Ripgroove
29-05-2015, 10:27
Can camber adjustments be mapped to keyboard keys?

afroguy
29-05-2015, 10:46
Go out and lap the track until every lap time is within half a second of each other

Starting with this will always result in slow inaccurate laps. Yes your times will be consistent but they will be consistently slow. IMO you need a good base setup before you begin finding consistency otherwise you are wasting your time. To quote my Millbrook instructor "Garbage in=garbage out. Poor/no setup=overdriving the car=inconsistency=slow lap times."

It doesn't matter if i'm driving on a sim or at track day/test day/raceday, IRL I always begin by spending 15-20 minutes driving the car straight out of the box with no tweaks at all slowly building my speed trying to find the limit and then whats happens once I exide the limit. Then and only then do I begin tweaking the setup as you have a good understanding of how the car behaves and can push the limit backwards. As Outlier said


That is a fair point. Although if the car balance is way off and you are spinning out on entry, that does need to get fixed before you can start throwing down laps.

afroguy
29-05-2015, 10:47
Can camber adjustments be mapped to keyboard keys?

Not that i know of. Why would you want to change that on the fly anyway?

MikeyTT
29-05-2015, 14:52
Load of really great tips here.

For me learning the track so you're consistent is the #1 thing to do first (as previously mentioned).

The other thing nobody has mentioned here yet is to look at your driving style. Some cars just like to be driven differently, or will yield a faster lap if you just change your lines. Take the Sauber C9 for instance. By changing lines and choosing different places for when you stomp the loud pedal can get you a much faster lap than just changing some of the tuning options ever would. Apex late and get on the power as soon as you can, as that thing is damn fast. Where in the Caterham, it's all about keeping the average speed up, as that's a proper slow car in comparison. Both cars need a different driving style and approach to a lap.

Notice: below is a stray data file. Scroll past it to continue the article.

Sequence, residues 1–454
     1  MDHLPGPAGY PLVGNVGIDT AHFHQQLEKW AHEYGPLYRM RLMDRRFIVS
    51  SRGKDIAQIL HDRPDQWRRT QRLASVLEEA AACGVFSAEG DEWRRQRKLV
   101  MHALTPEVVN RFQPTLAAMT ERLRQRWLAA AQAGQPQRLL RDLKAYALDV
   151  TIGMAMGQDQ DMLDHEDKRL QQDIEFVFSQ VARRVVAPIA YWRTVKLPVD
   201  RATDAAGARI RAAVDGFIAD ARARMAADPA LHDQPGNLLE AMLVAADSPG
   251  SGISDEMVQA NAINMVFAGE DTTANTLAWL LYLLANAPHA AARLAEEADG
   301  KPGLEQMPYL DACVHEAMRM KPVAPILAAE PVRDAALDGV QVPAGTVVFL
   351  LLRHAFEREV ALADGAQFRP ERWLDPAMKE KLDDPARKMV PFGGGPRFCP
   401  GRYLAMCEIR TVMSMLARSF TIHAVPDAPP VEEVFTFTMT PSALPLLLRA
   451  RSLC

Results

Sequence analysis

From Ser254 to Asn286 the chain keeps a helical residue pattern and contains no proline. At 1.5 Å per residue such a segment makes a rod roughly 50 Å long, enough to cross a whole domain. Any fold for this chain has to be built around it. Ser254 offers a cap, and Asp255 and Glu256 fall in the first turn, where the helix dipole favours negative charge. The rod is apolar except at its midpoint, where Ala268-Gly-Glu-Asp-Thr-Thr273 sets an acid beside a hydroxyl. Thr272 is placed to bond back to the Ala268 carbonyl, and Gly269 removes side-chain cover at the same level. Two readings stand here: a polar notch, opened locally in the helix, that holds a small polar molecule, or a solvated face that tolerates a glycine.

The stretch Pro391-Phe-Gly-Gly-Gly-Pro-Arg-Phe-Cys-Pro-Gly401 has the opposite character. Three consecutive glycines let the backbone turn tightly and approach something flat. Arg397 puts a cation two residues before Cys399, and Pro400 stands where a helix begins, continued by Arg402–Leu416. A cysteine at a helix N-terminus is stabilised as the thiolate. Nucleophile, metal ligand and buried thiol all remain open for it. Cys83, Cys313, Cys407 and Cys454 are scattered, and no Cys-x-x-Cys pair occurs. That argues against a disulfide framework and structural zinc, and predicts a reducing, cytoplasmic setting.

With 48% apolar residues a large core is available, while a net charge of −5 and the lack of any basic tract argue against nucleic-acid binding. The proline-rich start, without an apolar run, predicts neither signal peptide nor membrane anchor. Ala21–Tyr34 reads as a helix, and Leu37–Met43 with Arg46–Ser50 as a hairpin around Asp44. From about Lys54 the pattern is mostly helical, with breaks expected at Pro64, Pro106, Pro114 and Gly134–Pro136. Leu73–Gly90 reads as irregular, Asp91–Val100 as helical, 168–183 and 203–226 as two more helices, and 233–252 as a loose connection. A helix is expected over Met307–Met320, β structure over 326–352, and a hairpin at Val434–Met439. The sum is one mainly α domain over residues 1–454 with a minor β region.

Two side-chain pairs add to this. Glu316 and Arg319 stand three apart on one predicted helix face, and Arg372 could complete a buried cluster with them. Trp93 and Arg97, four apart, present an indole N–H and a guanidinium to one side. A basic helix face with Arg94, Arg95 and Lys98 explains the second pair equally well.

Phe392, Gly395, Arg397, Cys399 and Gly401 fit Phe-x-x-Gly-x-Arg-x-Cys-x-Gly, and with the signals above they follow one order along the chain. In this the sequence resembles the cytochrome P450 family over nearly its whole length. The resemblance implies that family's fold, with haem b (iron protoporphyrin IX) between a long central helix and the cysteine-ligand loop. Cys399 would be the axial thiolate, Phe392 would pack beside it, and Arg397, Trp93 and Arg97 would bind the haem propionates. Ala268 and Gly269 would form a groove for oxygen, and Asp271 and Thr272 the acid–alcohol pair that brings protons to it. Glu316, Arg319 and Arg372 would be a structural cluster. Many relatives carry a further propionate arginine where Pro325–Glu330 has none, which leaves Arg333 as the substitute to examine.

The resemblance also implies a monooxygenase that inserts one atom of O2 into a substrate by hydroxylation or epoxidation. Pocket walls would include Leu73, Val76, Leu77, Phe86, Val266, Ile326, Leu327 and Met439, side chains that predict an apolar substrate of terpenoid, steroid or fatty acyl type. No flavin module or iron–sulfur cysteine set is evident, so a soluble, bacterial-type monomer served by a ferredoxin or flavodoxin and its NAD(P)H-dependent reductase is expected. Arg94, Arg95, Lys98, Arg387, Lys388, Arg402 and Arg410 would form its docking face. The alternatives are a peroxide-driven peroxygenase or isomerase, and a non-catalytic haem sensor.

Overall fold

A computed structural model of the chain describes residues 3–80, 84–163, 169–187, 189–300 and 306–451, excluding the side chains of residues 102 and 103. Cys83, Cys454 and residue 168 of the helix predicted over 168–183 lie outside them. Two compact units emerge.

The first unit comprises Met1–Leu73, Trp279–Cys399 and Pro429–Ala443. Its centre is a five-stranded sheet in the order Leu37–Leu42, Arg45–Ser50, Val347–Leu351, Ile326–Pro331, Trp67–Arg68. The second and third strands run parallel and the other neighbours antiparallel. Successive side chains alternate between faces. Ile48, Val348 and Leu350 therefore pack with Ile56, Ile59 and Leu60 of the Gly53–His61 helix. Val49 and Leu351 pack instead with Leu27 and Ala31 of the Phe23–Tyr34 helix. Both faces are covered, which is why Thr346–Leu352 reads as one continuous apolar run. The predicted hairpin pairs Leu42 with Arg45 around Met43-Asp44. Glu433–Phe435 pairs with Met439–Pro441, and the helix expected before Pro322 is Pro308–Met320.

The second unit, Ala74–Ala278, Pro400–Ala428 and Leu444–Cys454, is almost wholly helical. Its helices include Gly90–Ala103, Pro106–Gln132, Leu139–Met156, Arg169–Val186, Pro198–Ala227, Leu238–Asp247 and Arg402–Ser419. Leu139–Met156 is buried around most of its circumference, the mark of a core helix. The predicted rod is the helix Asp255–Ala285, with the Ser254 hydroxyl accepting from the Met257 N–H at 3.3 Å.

I would recommend you look at the leaderboard times for a car/track combo and if you can be in the top 10-20 default setup times, only then start to look at tuning. For single fast laps that is. If you're doing long races then still do the first bit, but then do trial runs of 10-20 laps and see if your times are consistently quick. If they start to drop off then tune for the long runs and not the fast laps.

Ch1ps N Queso
29-05-2015, 19:37
Here is a nice workflow pdf for GTR2. I can't say whether or not all of it works for Project CARS, but it's a fantastic tool for a beginner tuner (maybe some vets too) to learn from.


http://xploresimracing.com/Series/XSR_SetupGuide.pdf

MULTIVITZ
02-06-2015, 15:29
Looking at what Wilfred said, you may want to start with the default settings, in this game at least.
The clue is in the game title! The penny drops? A feeling made in the nerve matrix as logic prevails?
Now I'm beginning to sound like Stuey lol.